I’m an early adopter with a lot of patience. I bought a Mac when it didn’t do much. I went to OS X when it wasn’t ready for prime time.
I admit to all Macaholics reading this that I used Apple’s .Mac from day one, expecting and hoping for more, complaining all the while. What about MobileMe?
First, a little history from a very long time Mac user’s perspective.
Apple’s .Mac was a melange of services cobbled together to take advantage of Mac user, Apple lover, PC hater loyalties. Most of us have a high threshhold for pain, so .Mac fit right in.
A few million of us Mac users bought into the .Mac dream. Well, not so much a dream as a mist, a shroud, a covering, a visible part of the reality distortion field.
There was that great .Mac email address (the same one that Apple, like a drug dealer, gave away for free, and then, once Mac users were hooked, started to charge for privilege).
The photo gallery option was nice, but overpriced.
Ditto for iDisk, which was just a little faster than sneaker net at uploading and downloading files. Whatever other forgettable services were kludged into .Mac I’ve already forgotten.
Enter MobileMe, Apple’s version of Microsoft’s Exchange, initially dubbed ‘Exchange for the rest of us.’ It didn’t take long for Apple to realize they have plenty to learn from Microsoft when it comes to syncing email and calendars and address books.
When I picked up my iPhone 3G I also picked up a subscription for the new MobileMe service at a savings of $30, or, roughly four months of free service. My subscription was about to expire and I wanted all the candy coated sync goodness promised by MobileMe.
Few wars between nations that hate each other ever started off so poorly as did Apple’s MobileMe launch. It quickly became ‘MobileMess for the rest of us.’
The glitches and problems were so prevalent, so lush and ripe with grief, so high in the public’s eye, that Apple acknowledged the issue and gave every MobileMe subscriber a free month of service.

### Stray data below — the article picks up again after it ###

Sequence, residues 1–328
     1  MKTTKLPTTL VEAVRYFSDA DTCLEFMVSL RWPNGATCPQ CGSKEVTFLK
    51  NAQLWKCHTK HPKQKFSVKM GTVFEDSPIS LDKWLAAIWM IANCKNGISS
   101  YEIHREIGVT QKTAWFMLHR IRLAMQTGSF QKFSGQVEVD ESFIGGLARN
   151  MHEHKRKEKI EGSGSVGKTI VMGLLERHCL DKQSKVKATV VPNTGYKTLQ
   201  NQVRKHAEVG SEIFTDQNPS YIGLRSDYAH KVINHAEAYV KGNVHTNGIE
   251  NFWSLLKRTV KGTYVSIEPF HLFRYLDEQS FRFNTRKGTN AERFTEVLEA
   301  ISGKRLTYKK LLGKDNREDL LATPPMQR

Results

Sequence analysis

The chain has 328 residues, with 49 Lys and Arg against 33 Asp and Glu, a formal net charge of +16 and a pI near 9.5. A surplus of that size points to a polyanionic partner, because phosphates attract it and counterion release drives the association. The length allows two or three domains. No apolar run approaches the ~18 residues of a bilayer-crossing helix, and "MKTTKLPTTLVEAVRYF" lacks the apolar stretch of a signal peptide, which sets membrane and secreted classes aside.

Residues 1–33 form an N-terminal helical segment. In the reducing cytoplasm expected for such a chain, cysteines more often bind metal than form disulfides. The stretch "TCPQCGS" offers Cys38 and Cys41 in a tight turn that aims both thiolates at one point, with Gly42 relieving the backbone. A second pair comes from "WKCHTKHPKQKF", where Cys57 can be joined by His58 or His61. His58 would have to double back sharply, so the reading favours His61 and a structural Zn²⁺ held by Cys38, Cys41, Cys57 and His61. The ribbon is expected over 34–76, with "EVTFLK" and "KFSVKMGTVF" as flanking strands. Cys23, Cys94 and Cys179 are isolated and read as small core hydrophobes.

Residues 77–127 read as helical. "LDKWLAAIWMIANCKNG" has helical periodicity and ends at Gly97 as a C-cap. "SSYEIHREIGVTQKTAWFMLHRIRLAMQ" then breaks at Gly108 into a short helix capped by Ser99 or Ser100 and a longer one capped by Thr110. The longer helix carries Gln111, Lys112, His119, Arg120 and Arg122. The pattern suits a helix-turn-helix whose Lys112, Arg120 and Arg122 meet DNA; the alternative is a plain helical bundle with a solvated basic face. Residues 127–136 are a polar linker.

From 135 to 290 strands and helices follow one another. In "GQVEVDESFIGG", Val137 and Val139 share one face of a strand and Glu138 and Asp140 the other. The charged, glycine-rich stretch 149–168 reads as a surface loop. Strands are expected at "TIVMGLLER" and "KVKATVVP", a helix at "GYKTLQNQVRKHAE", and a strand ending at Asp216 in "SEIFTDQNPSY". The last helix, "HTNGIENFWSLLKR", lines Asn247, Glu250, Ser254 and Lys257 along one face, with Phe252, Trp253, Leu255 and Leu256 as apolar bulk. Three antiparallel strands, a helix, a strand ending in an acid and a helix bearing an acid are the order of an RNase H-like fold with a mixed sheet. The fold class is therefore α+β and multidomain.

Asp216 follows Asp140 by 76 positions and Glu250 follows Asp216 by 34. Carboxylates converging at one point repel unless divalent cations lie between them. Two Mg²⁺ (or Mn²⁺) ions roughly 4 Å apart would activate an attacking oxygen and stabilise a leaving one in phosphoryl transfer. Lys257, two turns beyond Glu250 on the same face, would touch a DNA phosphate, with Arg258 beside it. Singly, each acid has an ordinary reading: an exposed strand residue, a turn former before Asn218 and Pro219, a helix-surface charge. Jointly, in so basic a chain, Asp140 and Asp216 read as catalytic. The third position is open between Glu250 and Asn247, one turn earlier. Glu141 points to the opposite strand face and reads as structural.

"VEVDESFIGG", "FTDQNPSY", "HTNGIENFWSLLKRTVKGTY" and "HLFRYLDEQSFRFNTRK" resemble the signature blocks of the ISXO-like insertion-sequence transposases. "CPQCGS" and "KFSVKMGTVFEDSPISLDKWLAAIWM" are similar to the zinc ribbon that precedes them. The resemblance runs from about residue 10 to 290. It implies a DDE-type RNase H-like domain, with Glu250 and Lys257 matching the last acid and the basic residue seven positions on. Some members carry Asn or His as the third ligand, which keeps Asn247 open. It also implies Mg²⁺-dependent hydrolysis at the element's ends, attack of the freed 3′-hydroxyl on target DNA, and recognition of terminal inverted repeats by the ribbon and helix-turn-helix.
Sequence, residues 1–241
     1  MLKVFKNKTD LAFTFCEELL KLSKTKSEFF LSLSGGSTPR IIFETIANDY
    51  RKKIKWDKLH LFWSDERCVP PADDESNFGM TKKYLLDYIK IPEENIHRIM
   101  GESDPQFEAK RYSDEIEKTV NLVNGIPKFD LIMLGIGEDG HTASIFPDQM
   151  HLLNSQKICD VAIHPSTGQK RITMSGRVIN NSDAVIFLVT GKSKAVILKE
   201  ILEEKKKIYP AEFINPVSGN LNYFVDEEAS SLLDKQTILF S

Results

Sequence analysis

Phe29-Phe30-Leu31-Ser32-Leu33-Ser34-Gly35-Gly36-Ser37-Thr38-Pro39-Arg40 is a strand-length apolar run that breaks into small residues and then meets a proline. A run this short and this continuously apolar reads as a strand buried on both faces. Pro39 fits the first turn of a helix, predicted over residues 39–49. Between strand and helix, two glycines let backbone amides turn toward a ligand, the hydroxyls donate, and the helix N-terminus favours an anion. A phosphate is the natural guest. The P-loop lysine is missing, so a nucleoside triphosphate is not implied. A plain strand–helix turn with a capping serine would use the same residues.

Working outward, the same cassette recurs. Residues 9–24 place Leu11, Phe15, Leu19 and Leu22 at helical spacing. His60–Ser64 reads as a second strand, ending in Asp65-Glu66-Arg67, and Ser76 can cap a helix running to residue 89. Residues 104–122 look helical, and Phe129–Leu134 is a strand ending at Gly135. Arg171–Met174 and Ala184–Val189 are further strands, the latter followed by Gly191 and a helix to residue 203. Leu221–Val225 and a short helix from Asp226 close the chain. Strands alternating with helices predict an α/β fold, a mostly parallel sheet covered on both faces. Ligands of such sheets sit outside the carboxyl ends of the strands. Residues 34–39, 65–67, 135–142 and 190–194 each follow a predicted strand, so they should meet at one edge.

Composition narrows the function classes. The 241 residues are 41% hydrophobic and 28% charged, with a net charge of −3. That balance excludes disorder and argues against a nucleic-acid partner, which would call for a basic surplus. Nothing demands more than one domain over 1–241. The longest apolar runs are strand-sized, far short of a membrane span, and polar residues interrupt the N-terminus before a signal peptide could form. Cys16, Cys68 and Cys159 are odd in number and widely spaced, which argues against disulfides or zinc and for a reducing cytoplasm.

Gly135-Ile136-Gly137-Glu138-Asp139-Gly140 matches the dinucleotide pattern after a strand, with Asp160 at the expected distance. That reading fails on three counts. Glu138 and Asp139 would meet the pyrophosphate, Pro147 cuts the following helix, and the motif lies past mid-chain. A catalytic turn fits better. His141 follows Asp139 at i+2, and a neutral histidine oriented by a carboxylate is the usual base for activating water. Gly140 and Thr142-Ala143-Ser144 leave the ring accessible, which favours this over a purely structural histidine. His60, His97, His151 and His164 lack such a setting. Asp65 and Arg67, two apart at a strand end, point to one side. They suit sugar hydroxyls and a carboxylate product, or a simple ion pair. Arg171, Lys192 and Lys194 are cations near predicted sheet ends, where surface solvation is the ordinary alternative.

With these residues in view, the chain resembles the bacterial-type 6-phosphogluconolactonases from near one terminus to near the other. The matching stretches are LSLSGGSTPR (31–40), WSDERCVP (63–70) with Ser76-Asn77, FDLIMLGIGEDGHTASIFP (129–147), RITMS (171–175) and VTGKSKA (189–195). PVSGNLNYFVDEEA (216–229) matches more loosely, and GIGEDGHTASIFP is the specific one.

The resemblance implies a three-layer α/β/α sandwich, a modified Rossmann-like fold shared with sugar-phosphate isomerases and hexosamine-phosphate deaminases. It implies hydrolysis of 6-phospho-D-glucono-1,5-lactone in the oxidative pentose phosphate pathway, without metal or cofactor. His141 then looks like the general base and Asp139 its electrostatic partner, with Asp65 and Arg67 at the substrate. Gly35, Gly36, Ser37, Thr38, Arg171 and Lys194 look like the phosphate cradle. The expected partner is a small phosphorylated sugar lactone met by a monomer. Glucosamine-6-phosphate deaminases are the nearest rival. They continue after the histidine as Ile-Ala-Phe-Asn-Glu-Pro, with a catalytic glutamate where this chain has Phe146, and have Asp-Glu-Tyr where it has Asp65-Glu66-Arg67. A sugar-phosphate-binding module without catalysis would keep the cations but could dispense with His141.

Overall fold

Added to the nearly four months I got by buying a subscription renewal with my iPhone, I figured I was almost half a year ahead. Except I had already used up a couple of years of problems.
The MobileMe web site didn’t work for weeks. Syncing between the Mac and MobileMe up in the clouds was iffy at best. Some email got lost. Then found. Then lost again.
Once in awhile my iPhone would sync with MobileMe, which, of course prohibits it from syncing with your Mac, should that be necessary when MobileMe decided not to sync with your iPhone. Or your Mac.
Apple’s problems with MobileMe were so severe that the division got re-orged. A reorganization means problems, and MobileMe had become a MobileMess and Apple Head Me, Steve Jobs, doesn’t like such things.
The thing that attracted me to a renewed subscription was ‘Exchange for the rest of us.’ Most Mac users probably have no idea what Exchange is, but the thought of having email, calendar changes, address book all sync nicely between Mac and iPhone and MobileMe was enticing.
Then Apple yanked the ‘Exchange for the rest of us’ and gave us that free month instead. As everyone knows by now, problems persisted so much so that Apple gave everyone and extra two months of MobileMe service. Hopefully, they’ll be two months whereby the service actually works.
After struggling to use MobileMe for the past month or so, I can unequivocally state that MobileMe is not ‘Exchange for the rest of us.’ However, it does sync email, address book and iCal decently between my Macs and my iPhone.
The MobileMe web interface is slick and seems to have fewer bugs each day. It usually takes less than 30 seconds for a change to my iCal or address book to show up on my iPhone or vice versa.
In other words, the sync works pretty well, so long as you pay no attention to the fact that syncing between your Mac or PC and MobileMe up in the clouds doesn’t happen instantly. If at all.
In short, MobileMe is working better than ever, which is saying less than it sounds. I have over six free months to get my fill of MobileMe, though I’m mostly full now.
Did I mention that except for the iPhone sync, MobileMe actually does less than the old .Mac? What you get is Email, Contacts, Calendar, Gallery and iDisk. The Apple web site now conveniently and accurately points out that the sync occurs between Mac and PC and MobileMe in about 15 minutes.
For most of the past two weeks MobileMe has worked flawlessly. Except for email, which never works flawlessly, less so for Apple and .Mac or MobileMe. But the sync between devices seems to work quite well, rather quickly, and Apple’s web interface is so slick it’s like being inside a Mac application. A slow one, but it works.
Even with MobileMe’s highly published problems and deserved bashing, Apple has merely created another little gimmicky service which helps to lock in the user, making mobility to another platform or service more problematic.
It works. Mostly. I am curious, though. What does a yearly subscription to MobileMe, sans all the discounts for crappy service, cost in comparison to a yearly seat to dine at Microsoft’s Exchange buffet?
Is MobileMe for me? Yes, until the subscription runs out.